Washington- Announcing the end of a two-decade war that saw 2,300 killed and 775,000 American soldiers serve, President Joe Biden stated that all United States forces would come home from Afghanistan by September 11, the twentieth anniversary of the 9/11 attacks that started the conflict.
“It is time to end the nation’s longest war,” the President said in a speech from the White House Treaty Room, where George W. Bush announced the initial airstrikes in Afghanistan. It was in 2001.
President Joe Biden said the United States had achieved its prime objective of ensuring Afghanistan won’t remain a base of terrorists from which they can attack the U.S. again.
He added, the U.S. must move its focus to target terrorism threats that “have become more metastasized and dispersed around the globe.”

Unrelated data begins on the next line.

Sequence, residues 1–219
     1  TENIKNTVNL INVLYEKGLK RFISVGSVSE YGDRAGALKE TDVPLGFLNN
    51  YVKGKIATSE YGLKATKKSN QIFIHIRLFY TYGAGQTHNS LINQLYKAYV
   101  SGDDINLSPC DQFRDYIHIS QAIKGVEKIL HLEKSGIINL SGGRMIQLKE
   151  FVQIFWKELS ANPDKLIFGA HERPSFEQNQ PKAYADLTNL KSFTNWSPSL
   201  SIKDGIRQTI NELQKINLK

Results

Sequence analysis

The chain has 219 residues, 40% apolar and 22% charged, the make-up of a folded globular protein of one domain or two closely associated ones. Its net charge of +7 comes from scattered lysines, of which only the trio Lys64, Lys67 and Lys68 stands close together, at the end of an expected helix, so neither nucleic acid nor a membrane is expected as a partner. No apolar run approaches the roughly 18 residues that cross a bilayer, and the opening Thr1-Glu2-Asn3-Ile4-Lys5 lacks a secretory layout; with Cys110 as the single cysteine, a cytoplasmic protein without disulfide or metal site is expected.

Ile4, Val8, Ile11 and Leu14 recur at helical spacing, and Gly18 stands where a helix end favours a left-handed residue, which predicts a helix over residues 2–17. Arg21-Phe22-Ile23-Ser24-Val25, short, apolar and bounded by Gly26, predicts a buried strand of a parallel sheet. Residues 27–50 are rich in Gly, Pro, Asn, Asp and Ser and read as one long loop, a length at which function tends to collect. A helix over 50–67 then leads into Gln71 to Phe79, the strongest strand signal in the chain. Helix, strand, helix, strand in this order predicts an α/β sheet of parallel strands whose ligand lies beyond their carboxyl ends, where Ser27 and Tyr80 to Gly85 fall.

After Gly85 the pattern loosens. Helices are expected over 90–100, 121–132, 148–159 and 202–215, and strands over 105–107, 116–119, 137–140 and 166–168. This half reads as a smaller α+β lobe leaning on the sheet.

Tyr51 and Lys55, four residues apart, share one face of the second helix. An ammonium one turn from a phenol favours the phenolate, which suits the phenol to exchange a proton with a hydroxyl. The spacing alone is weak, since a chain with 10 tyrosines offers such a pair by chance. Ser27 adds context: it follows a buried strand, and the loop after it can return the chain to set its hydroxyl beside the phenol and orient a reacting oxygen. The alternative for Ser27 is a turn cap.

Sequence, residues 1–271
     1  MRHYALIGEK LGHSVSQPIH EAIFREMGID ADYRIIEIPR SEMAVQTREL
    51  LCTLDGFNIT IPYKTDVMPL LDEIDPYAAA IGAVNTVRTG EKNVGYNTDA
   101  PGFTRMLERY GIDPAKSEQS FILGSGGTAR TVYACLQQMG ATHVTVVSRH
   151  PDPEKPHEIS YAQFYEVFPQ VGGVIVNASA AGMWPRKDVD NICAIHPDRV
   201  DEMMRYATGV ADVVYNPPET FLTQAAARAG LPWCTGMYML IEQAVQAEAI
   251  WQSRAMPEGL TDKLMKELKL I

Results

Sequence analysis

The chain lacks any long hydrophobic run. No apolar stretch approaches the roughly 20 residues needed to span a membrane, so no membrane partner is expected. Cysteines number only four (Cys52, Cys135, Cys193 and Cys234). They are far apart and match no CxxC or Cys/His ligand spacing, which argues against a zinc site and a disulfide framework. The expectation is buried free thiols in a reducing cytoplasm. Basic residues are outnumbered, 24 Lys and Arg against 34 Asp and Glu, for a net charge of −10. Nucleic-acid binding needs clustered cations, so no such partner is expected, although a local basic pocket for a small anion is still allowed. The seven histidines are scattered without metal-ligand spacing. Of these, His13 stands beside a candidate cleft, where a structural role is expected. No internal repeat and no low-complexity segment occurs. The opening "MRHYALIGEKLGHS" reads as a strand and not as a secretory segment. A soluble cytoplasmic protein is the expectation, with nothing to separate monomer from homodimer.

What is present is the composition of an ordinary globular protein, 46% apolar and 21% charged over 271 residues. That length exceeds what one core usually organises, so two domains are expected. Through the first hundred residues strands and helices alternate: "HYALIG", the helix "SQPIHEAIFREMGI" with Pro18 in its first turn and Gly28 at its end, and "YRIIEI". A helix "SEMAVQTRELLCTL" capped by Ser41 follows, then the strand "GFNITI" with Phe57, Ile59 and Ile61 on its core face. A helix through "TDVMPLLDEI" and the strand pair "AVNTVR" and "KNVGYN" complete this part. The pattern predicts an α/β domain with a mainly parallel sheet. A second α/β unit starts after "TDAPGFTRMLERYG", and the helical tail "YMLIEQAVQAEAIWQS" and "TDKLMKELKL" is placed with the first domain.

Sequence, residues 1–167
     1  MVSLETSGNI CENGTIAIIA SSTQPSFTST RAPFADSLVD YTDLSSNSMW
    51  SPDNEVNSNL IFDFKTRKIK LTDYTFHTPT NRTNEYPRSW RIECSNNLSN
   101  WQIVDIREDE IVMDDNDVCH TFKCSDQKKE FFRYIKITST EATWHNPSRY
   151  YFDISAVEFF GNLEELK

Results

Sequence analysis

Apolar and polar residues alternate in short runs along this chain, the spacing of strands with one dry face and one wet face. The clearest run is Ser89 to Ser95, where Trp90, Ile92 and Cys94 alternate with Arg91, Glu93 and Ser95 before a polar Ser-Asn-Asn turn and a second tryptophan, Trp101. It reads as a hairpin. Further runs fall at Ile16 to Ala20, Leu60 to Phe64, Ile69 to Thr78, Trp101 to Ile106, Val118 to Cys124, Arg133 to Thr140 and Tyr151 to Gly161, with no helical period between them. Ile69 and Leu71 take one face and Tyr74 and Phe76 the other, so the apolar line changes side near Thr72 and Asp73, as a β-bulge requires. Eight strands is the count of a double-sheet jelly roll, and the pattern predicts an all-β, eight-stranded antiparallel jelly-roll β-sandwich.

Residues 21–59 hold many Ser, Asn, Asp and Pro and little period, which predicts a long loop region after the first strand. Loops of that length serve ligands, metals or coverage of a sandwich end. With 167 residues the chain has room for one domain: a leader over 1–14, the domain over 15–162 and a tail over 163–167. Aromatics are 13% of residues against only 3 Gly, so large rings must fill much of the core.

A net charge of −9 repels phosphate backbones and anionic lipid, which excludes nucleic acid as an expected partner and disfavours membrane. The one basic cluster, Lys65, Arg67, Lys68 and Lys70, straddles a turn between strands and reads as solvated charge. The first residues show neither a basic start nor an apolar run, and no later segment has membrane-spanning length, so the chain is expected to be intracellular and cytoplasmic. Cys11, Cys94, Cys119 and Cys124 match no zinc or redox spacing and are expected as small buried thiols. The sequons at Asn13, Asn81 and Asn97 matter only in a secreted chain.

“We gave justice to Bin Laden ten years ago, and we’ve stayed in Afghanistan ten years since then,” he said, pointing to the 2011 assassination of Osama Bin Laden, the one-time captain of the al-Qaida terrorist group. “Since then, our cause for remaining in Afghanistan are becoming increasingly vague.”
A report on Tuesday gave a stark outlook for peace in Afghanistan if the United States withdraws, anticipating the Taliban is “likely to acquire the battlefield, and the Afghan administration will strive to hold the Taliban.”
Biden tried to counter criticism from Democrats and some Republicans who say U.S. objectives- including former civil rights gains by Afghani women under the Taliban reign- could be lost if the United States withdraws too soon. Trump faced similar criticism for his planned military withdrawal.